In 1755 he won the King's Plate at Guildford defeating Mr Grisewood's Teazer. He then walked-over for the King's Plates at Winchester and Salisbury, won the King's Plate at Canterbury, and walked-over for the King's Plate at Lewes. In October at Newmarket he defeated Sir William Middleton's Whistlejacket (ch c 1749 Mogul) for the King's Plate there, each carrying 10 stone over the Beacon Course.
In 1756 he won £50 at Stamford and £50 at Peterborough, in the latter beating Sir George Savile's Tom Thumb and Sir Charles Sedley's Royal (b c 1749 Regulus). At Huntingdon he won the 90 guineas Ladies' Purse beating, in three heats, Mr W Crofts's Brilliant (bu c 1750 Crab), Mr Panton's Pytho (gr c 1750 Crab) and Lord Gower's Ginger (bu c 1750 Shock), with Jason carrying 9 stone 11 pounds and the others carrying 8 stone 10 pounds. At Northampton he collected a 20 guineas premium since no horse would race against him. Jason was now purchased by Sir James Lowther.
In May of 1757 he won the 200 guineas Jockey Club Plate at Newmarket beating Mr Panton's Spectator, Mr Shafto's Jessamy (ch c 1749 Hutton's Spot), Mr Crofts's Brilliant, Lord Rockingham's Whistlejacket (previously owned by Sir William Middleton), Mr Vernon's Forester (ch c Crofts's Forester) and one other. All carried 8 stone 7 pounds over the Beacon Course. In October at Newmarket he won a 500 guineas match against Lord Gower's Sweepstakes (b c 1749 Gower Stallion), over six miles, giving Sweepstakes 3 pounds.
In September of 1758 he placed third in the Jockey Club Plate at Newmarket to Mr Greville's Mirza (br c 1749 Godolphin Arabian) and Mr Fenwick's Matchem (b c 1748 Cade), beating Mr Panton's Feather (b c 1751 Godolphin Arabian) and Mr Vernon's Forester, all carrying 12 stone for four miles.
In 1759 Jason was used only as trial horse.
In April of 1760 he won a 500 guineas match at Newmarket against Mr Shafto's Jessamy over the Beacon Course. This was Jason's final race and he retired to Sir James Lowther's stud.
Although he sired several good runners during his stand at Lowther Castle, Westmoreland, he left no stock that bred on.
gr c 1747 (Old Standard - Mare, by Beaufort Arabian - Brooke's Arabian - Darley Arabian - Brimmer). Sire Line Belgrade Turk. Figure, often called Grey Figure, was bred by Mr Curzon and sold to the Duke of Hamilton. In 1753 he won £50 at Peterborough, beating Mr Vernon's Crab (gr c 1744 Crab), Mr Leath's Fen Filly and Mr Nelson's Greylegs in three heats. He also won £50 at Belford, beating Lord March's Wanton (b c 1747 Cade). In 1754 he won £50 at Epsom, beating Mr Rogers's Soldier (ch c 1747 Sedbury) and Mr Adams's True Blue in three heats. He then won a £50 give and take at Dunstable, Hertfordshire, beating Sir Charles Sedley's Lady Augusta, Mr Vernon's Fire, Mr Stoke's Smiling Ball and Mr Brooke's Lady Thigh (b f 1747 Grisewood's Partner) in three heats. In 1755 he won £50 at Epsom, beating Mr Burlton's (later Mr Vernon's) Amelia (b f 1748 Godolphin Arabian) and Lord Onslow's Victorious (bl c 1747 Portmore's Whitenose) in three heats. His most notable son was Figure*.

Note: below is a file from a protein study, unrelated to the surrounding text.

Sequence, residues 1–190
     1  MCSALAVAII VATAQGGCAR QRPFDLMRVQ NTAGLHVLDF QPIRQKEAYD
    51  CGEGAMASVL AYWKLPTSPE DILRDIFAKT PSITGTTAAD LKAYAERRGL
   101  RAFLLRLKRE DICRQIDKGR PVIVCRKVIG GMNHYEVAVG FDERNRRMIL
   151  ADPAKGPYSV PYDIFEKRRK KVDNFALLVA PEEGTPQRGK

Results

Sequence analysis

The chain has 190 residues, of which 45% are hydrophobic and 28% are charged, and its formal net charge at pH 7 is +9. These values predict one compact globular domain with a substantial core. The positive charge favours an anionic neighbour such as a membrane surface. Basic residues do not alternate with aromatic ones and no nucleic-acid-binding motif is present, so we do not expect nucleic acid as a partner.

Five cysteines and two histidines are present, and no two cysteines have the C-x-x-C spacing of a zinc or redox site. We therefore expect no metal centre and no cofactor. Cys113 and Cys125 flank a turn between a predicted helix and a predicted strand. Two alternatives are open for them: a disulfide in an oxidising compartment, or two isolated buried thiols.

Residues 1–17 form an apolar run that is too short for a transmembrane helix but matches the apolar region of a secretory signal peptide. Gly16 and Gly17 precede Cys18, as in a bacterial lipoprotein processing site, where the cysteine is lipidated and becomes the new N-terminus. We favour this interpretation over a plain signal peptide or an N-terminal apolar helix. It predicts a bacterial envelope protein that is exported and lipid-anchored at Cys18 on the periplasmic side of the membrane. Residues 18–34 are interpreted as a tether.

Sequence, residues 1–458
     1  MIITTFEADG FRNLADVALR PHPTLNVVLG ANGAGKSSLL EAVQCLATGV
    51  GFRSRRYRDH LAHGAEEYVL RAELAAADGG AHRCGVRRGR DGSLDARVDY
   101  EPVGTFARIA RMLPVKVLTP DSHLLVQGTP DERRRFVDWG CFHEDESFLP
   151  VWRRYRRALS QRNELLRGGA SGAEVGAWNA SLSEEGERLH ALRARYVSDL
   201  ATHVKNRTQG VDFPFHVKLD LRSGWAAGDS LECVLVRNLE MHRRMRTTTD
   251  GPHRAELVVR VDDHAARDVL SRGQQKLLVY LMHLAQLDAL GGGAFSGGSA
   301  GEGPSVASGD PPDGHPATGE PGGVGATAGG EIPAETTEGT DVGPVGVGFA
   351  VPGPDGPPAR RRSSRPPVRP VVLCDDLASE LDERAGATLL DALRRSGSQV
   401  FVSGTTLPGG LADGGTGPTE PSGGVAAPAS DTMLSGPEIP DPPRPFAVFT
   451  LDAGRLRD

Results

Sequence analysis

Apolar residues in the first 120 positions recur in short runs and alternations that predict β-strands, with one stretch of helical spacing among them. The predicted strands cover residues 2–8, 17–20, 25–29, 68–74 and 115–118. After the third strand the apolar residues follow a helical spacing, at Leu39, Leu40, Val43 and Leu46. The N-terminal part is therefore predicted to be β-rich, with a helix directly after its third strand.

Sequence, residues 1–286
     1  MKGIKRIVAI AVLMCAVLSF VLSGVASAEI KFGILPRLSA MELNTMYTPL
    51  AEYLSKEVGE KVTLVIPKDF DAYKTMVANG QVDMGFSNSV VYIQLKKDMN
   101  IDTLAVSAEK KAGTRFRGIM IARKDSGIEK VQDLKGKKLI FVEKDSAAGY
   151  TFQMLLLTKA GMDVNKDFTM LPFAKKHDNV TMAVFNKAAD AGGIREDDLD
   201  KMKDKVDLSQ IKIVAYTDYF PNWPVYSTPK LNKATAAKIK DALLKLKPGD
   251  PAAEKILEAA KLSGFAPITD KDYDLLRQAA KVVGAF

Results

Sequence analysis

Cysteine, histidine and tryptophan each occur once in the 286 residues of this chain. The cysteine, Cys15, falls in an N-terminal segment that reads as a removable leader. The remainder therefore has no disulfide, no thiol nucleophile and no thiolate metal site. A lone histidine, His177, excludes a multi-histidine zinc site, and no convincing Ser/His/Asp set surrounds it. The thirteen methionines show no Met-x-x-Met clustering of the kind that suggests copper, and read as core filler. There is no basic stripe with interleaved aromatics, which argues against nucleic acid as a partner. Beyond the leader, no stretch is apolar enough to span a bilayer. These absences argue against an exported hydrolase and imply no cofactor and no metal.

br c 1757 (Figure - Mariamne, by Portmore's Victorious - Croft's Partner - Richardson's Merlin - Makeless - Burford Bull - Devonshire Arabian). Sire Line Belgrade Turk. Figure* won four Fifties in England and Scotland before his export to Maryland in 1765. Standing about 15.2 hands, he ran in several races and won at Annapolis in 1766. He stood variously in Maryland, New Jersey and New York and got excellent stock, particularly from the Selima* (b f 1745 Godolphin Arabian) branch of Family 21, including two useful sons, Spotswood's Don Carlos (b c 1772), sire of Brent's Driver (br c 1782), and Skipwith's Figure (b c 1770). His daughter Shrewsbury was the dam of both Hall's Union (b c 1777 Slim*) and Van Rantz's Potomac (b c 1796 Messenger*). Another son, Young Figure (b c 1769) sired Heard's Snap (b c 1771). Figure's mating with Maria Slamerkin of Family 4-r ensured his presence in most of the world's bloodstock via their descendant Nearco (br c 1935 Pharos).
c 1710c. Owned by the 5th baronet, he was said to be a white barb in the MS stud book of Cuthbert Routh [ER:39,55]. He sired only one known offspring, Cuthbert Routh's 1725 grey colt from his sister to Hanniball (b f 1716c Terror).
|Wyvill's Golden Arabian|
|[Wyvill's Dun Turk] c 1710c. Owned by the 5th baronet, he sired the famous galloway mare, Golden Dun, who won a £40 plate at York in 1723, defeating Sir William Lowther's Surley, Sir Michael Warton's Molly, Mr Newton's Betty Garnet and Mr Dobinson's Chance. She was later the second dam of Magnifico (b c 1748 Regulus). Magnifico finished 2nd for a couple of fifties in 1753 and 1754 running first for Sir Marmaduke and then for Mr Palmer. The Golden Arabian and was said to have died after covering only two or three mares [Pond 1754:156].|